Hillary ClintonHillary Diane Rodham ClintonWhite House accuses Biden of pushing ‘conspiracy theories’ with Trump election claim Biden courts younger voters — who have been a weakness Trayvon Martin’s mother Sybrina Fulton qualifies to run for county commissioner in Florida MORE’s book on her 2016 election loss, “What Happened,” hits bookshelves on Tuesday.
Clinton has said the book is the story of “what I saw, felt and thought during two of the most intense years I’ve ever experienced.”
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Here are five of the most memorable anecdotes shared by Clinton in her book.
Obama urged Clinton to run
President Obama signaled to Clinton early on in 2013 and 2014 that she should run for president.
“He made it clear that he believed that I was our party’s best chance to hold the White House and keep our progress going, and he wanted me to move quickly to prepare to run,” Clinton wrote.
She wrote that Obama’s support meant a ton to her.
“I knew President Obama thought the world of his Vice President, Joe BidenJoe BidenHillicon Valley: Biden calls on Facebook to change political speech rules | Dems demand hearings after Georgia election chaos | Microsoft stops selling facial recognition tech to police Trump finalizing executive order calling on police to use ‘force with compassion’ The Hill’s Campaign Report: Biden campaign goes on offensive against Facebook MORE, and was close to some other potential candidates, so his vote of confidence meant a great deal to me.”
Clinton sought guidance from Bush on inauguration
As she decided whether to show up for President Trump’s inauguration, Clinton sought advice from a surprising source: former President George W. Bush.
Bush had his own family disagreements with Trump, who had ridiculed his brother Jeb Bush during the GOP primaries.
But he advised Clinton to go to the inauguration, arguing it was for the good of the country.
“That gave me the push I needed,” Clinton wrote. “Bill and I would go.”
Bush was also the first to call Clinton after she delivered her concession speech and waited on the line while she hugged and thanked her supporters.
When Clinton finally came to the phone, the former president “suggested we find time to get burgers together. I think that’s Texan for ‘I feel your pain,’ ” Clinton wrote.
Clinton thought Chaffetz was Priebus
You’d think Hillary Clinton would know what former Rep. Jason ChaffetzJason ChaffetzThe myth of the conservative bestseller Elijah Cummings, Democratic chairman and powerful Trump critic, dies at 68 House Oversight panel demands DeVos turn over personal email records MORE (R-Utah) looks like.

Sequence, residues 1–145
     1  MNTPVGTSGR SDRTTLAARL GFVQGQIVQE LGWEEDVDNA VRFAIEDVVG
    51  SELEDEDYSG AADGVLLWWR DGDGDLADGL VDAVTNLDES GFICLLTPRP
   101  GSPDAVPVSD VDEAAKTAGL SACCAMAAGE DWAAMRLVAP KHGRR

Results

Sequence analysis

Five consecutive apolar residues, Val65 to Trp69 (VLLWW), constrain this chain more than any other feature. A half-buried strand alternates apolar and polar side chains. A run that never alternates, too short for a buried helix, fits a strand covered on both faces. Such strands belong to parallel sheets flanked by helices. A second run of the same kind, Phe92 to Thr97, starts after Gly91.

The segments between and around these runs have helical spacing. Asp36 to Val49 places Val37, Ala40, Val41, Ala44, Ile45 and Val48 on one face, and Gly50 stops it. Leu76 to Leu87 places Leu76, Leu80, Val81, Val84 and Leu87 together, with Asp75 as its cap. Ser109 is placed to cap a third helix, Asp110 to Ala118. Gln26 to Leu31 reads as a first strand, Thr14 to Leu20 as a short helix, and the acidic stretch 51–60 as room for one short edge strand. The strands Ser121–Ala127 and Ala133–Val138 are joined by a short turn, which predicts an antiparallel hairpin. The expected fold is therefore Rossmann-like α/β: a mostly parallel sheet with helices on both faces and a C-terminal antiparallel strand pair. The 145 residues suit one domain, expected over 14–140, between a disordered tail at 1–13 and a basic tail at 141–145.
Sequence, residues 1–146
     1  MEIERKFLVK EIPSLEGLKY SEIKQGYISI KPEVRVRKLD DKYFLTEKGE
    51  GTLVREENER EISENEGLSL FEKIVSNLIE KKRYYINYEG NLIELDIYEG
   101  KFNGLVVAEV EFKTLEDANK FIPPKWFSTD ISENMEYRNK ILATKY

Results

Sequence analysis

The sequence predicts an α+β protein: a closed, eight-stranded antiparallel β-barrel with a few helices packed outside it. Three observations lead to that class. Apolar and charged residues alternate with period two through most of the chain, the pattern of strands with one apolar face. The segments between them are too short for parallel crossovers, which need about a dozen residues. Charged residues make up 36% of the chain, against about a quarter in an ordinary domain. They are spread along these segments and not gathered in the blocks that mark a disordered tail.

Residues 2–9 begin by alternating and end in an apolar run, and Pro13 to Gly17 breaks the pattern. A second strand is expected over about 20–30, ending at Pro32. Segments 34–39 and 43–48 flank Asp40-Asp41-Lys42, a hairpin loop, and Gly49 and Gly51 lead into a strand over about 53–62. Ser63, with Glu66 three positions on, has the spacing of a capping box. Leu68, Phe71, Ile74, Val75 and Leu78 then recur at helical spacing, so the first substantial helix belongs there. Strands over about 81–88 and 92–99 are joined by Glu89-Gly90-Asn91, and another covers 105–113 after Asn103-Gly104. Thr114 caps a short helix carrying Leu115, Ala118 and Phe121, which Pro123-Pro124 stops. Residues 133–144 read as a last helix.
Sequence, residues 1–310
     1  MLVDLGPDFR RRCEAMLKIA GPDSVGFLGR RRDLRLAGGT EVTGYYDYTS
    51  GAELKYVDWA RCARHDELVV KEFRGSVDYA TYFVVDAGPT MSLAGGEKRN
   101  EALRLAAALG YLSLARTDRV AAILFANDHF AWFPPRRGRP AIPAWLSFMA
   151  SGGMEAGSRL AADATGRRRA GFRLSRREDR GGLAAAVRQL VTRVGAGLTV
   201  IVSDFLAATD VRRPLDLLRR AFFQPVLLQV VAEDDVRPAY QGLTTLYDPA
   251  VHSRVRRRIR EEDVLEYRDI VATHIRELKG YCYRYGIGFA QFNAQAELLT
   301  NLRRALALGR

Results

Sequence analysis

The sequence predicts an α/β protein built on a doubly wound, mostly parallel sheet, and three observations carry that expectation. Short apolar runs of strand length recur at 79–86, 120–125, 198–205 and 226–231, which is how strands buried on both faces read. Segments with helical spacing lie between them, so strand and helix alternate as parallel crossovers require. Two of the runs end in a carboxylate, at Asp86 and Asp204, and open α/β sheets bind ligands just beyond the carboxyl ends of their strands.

The Utah congressman had long sought to make a political issue of Clinton’s handling of the attack on the U.S. consulate in Benghazi, Libya, which resulted in the deaths of four Americans.
Yet Clinton wrote that she mistook Chaffetz for Trump chief of staff Reince Priebus when he approached her on Inauguration Day.
Chaffetz captured the moment on Twitter, posting a photo of the two that said: “So pleased she is not the President. I thanked her for her service and wished her luck. The investigation continues.”
Clinton said she didn’t know who Chaffetz was and thought he was Priebus.
After the Chaffetz tweet, she admitted that she “came this close” to tweeting back at the congressman: “To be honest, I thought you were Reince.”
That wasn’t the only awkward encounter with a critical Republican.
During the lunch at the Capitol following the swearing-in ceremony, Clinton also described a scene where Trump’s soon-to-be Interior secretary, Ryan ZinkeRyan Keith ZinkeOvernight Energy: Trump officials may pursue offshore drilling after election, report says | Energy regulators to delay projects pending appeals | EPA union calls for ‘moratorium’ on reopening plans Trump administration could pursue drilling near Florida coast post-election: report Trump to make it easier for Alaska hunters to kill wolf pups and bear cubs: report MORE, introduced Clinton to his wife.
Clinton wrote that she was surprised that Zinke would want her to meet his better half, “considering in 2014 he had called me the ‘antichrist.’ ”
“You know Congressman, I’m not actually the anticrist,” she said she told Zinke. He was “taken aback,” Clinton wrote, and “mumbled something about not having meant it.”
Loyalty pays off
After then-FBI Director James Comey said they had reopened an investigation to examine emails found on former Rep. Anthony Weiner’s (D-N.Y.) laptop, Clinton wrote that some people thought she should fire longtime adviser Huma Abedin, Weiner’s wife.
“Not a chance,” wrote Clinton. “She had done nothing wrong and was an invaluable member of my team. I stuck by her the same way she has always stuck by me.”
In the end, it’s Bill and Hill
In the wee hours of the morning on election night, after everyone left the Clinton suite, the former secretary of State wrote that she and her husband were alone.
“I hadn’t cried yet, wasn’t sure if I would. But I felt deeply and thoroughly exhausted, like I hadn’t slept in ten years,” Clinton wrote. “We lay down on the bed and stared at the ceiling. Bill took my hand and we just lay there.”